_{ss}are the effective azimuth extension of the imaged area in the stripmap mode and sliding spotlight mode, respectively. Assuming that azimuth beam angular interval is

*θ*

_{0}in the sliding spotlight configuration and

*θ*

_{1}in the stripmap mode, their effective azimuth extensions of imaged area are approximatively expressed as follows:

*R*

_{c}is the slant range from the sensor to the imaged area center. If we choose part of azimuth beam interval to imitate azimuth beam steering in the sliding spotlight mode as shown in Figure 1, then the equivalent azimuth beam rotation rate is as follows:

*L*

_{spot}and

*L*

_{ss}are the effective azimuth extension of imaged area in the spotlight mode and sliding spotlight mode, respectively, and they are expressed as follows

*θ*

_{2}is the azimuth beam angular interval in the spotlight mode. Thereafter, the equivalent azimuth beam rotation rate in Figure 2 can be obtained as follows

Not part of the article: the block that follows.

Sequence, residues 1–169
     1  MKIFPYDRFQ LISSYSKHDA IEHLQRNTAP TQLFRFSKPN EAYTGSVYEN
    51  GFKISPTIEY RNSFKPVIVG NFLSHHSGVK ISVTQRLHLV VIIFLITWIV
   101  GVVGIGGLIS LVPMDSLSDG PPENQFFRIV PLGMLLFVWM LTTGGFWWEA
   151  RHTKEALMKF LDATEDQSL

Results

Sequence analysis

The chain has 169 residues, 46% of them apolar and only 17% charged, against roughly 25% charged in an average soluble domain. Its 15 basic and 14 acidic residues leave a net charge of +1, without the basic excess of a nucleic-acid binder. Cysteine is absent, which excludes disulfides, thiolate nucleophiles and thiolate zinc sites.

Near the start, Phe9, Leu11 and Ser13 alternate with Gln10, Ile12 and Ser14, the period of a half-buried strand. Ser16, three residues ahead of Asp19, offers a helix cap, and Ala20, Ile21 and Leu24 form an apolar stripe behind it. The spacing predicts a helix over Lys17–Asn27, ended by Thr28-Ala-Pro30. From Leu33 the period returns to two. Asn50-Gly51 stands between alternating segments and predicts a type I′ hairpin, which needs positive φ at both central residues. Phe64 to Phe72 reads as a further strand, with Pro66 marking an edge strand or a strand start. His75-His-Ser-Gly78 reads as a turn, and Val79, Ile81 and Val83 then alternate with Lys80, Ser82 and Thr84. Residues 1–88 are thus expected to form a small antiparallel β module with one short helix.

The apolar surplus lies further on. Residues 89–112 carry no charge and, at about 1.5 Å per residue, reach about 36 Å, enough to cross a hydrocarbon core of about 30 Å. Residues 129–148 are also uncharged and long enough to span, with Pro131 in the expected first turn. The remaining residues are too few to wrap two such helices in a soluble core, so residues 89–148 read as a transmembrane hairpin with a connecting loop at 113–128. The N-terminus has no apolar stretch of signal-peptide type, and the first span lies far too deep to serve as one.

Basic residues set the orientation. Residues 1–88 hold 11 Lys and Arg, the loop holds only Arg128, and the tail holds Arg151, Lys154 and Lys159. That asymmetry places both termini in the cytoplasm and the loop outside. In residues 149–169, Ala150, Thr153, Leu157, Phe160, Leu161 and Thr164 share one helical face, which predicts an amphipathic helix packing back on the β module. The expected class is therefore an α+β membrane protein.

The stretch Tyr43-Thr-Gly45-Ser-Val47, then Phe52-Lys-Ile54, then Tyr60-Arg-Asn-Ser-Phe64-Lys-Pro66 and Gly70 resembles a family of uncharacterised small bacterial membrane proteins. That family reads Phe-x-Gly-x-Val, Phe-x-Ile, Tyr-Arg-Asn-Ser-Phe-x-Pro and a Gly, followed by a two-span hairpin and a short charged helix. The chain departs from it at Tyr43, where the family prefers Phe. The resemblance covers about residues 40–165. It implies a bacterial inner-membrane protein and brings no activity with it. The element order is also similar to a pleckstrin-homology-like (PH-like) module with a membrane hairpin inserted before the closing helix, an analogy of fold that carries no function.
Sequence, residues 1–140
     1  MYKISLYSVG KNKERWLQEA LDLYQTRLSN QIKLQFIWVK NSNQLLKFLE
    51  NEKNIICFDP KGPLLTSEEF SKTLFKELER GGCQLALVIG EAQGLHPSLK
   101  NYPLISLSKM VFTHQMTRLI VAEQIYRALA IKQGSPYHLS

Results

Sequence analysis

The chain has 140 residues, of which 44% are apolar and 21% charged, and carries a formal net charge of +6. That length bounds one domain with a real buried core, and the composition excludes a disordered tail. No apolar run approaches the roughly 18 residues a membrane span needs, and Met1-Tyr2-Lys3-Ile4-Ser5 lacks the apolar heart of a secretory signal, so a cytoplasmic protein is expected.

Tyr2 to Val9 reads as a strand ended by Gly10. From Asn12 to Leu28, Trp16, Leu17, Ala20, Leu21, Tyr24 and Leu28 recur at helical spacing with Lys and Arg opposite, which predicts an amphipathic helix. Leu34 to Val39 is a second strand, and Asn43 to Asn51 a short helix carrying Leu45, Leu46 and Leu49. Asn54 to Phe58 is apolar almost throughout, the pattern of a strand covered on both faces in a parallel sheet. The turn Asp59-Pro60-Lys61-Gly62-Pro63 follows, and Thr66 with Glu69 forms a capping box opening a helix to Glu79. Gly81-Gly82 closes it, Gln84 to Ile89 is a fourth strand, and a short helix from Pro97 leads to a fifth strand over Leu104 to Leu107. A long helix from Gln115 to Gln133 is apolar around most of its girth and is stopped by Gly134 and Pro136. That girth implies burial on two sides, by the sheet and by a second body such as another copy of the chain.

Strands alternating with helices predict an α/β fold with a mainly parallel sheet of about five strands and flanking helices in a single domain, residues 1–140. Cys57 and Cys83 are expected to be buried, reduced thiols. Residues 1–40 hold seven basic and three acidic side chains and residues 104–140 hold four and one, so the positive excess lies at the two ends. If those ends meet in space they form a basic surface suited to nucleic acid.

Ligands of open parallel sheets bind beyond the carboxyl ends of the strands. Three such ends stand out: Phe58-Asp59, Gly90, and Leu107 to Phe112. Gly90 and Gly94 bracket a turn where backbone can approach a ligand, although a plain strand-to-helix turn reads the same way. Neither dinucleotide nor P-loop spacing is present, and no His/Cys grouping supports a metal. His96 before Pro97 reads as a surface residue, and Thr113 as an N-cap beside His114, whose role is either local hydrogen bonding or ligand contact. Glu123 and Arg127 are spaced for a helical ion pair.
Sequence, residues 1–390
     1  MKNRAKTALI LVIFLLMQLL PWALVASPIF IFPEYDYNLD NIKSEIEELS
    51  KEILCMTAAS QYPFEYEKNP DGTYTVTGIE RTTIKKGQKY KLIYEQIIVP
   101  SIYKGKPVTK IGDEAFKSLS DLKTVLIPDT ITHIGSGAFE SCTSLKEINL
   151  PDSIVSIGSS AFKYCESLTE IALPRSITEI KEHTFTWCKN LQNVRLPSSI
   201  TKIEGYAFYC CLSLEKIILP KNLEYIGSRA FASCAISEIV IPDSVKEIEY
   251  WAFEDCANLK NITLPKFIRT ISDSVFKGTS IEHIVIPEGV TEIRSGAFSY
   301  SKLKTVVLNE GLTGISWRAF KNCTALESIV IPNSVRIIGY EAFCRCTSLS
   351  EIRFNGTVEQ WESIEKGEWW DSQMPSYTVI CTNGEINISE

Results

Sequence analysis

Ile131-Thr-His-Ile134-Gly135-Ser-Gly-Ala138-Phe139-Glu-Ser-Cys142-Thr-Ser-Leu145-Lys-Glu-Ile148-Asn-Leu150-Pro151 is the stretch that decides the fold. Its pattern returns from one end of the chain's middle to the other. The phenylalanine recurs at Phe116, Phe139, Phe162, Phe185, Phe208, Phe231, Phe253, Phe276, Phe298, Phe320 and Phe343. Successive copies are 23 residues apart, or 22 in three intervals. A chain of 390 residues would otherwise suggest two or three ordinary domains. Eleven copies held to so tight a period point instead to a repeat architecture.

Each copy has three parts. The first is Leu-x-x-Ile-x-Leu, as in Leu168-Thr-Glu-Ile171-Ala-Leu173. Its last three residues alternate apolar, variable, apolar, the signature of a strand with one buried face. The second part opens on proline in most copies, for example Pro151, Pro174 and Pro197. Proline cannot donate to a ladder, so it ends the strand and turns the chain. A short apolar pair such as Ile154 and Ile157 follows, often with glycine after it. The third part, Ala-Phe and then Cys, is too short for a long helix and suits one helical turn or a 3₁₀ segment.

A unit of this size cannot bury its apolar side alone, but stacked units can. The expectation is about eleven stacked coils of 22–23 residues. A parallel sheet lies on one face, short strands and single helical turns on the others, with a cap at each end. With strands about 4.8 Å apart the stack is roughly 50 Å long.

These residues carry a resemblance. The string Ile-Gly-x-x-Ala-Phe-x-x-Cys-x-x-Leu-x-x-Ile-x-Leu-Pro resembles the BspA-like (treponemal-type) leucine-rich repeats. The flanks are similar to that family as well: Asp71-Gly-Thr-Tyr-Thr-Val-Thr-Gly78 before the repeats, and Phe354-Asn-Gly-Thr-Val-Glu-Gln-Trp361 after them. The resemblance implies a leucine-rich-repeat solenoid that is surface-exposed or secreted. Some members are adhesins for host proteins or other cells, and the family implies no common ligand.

*λ*is the wavelength. In Figure 3,

*k*

_{a}is the target Doppler rate,

*T*

_{s},

*T*

_{ss}, and

*T*

_{spot}are the effective azimuth output extensions of the stripmap mode, the equivalent sliding spotlight mode, and the pure spotlight mode, respectively. In the figure,

*B*

_{f _0},

*B*

_{f _1,}, and

*B*

_{f _2}are the azimuth beam bandwidths in the equivalent sliding spotlight, stripmap, and the spotlight modes, respectively. The overall Doppler bandwidth of the equivalent sliding spotlight mode is as follows

## 3. Raw data generation approach

- (1)Assuming that azimuth extension of the designed extended scene is